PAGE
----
Since the HPM and HPM+ specifications are performance specifications, they are “chemistry neutral”. There are no formulation requirements for these specifications. Because they are “chemistry neutral”, there is a possibility for different HPM-certified greases to be incompatible, even if the greases are from the same supplier.

By definition, two lubricating greases are incompatible when a mixture of the products has physical or performance properties that are inferior to those of the individual greases. When two greases are incompatible, some mixtures will soften, leading to leakage through seals and away from lubricated surfaces.  Some mixtures will cause the thickener to release the oil, and the separated oil may run from the bearing housing.  Less often, mixtures may harden, and cause lubricant starvation and poor grease mobility. Grease incompatibility can lead to lubrication and equipment failure and is therefore an important issue.

Operators and end users may not always be aware of the risks involved when considering a change of grease in an application. This is true regardless of whether the grease(s) involved are HPM greases or any other greases. Therefore, it is incumbent upon the grease user to ensure compatibility if changing greases. Generally, grease suppliers can provide compatibility information, if asked. The use of publicly available grease compatibility charts is not recommended, as these generalize compatibility based solely on thickener types, whereas incompatibility can be the result of incompatible base oils or additives as well. It is always the safest choice to have the specific greases evaluated via laboratory testing.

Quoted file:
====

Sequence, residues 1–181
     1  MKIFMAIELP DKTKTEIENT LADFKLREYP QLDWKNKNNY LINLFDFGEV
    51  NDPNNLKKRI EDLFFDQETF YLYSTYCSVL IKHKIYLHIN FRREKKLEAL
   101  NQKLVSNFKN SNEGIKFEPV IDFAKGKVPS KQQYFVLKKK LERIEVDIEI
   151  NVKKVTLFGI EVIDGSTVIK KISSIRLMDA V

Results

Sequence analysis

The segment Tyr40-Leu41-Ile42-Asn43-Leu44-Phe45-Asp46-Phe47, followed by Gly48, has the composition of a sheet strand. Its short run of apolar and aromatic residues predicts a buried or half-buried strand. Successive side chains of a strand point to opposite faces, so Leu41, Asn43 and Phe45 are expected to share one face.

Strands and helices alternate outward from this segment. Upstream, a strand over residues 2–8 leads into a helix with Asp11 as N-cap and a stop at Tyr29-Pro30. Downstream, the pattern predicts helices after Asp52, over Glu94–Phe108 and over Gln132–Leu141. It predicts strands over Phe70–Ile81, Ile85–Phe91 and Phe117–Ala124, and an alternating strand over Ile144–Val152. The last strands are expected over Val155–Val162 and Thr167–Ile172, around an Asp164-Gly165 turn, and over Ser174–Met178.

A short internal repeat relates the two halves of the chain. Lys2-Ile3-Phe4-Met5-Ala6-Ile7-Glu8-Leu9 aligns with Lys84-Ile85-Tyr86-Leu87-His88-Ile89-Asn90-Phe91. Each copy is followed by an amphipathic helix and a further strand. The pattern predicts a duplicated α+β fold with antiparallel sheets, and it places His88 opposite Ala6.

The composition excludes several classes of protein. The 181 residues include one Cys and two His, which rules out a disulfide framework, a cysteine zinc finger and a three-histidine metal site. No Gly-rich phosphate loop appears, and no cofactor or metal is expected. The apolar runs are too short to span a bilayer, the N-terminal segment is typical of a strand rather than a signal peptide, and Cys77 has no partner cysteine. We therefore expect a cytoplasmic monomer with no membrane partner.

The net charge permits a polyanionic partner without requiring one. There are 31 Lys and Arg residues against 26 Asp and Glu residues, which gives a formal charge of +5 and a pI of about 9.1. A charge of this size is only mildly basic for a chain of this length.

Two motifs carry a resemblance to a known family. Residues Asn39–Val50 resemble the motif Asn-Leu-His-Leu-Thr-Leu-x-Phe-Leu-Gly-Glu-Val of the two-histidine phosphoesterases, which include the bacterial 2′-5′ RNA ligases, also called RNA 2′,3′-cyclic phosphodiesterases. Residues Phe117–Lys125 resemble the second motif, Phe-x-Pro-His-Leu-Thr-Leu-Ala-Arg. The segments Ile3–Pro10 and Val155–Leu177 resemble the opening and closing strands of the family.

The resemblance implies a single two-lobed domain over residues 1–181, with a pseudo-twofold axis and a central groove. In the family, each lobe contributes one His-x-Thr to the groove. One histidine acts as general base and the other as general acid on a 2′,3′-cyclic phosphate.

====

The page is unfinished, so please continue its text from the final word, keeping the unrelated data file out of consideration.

IF NLGI were to include some sort of compatibility requirement in the HPM specifications, it would likely lead to exclusion of some types of grease thickener technologies, which goes against the HPM specification design principles. And since grease compatibility predictions should not be based on generic thickener-based compatibility charts, specific grease pairs should be tested. Given the wide variety of chemistries utilized in grease products, there is no way to include such a compatibility requirement in the HPM specifications.

Use of solid lubricants in grease formulations is common.  The intent of HPM is to set a performance standard not to direct formulators towards or away from using any performance additives, including, but not limited to solid lubricants.  It is the sole direction of the individual grease formulators and marketers to determine base oils, thickeners, and additives, including solid lubricants to include in their grease to meet the HPM specification.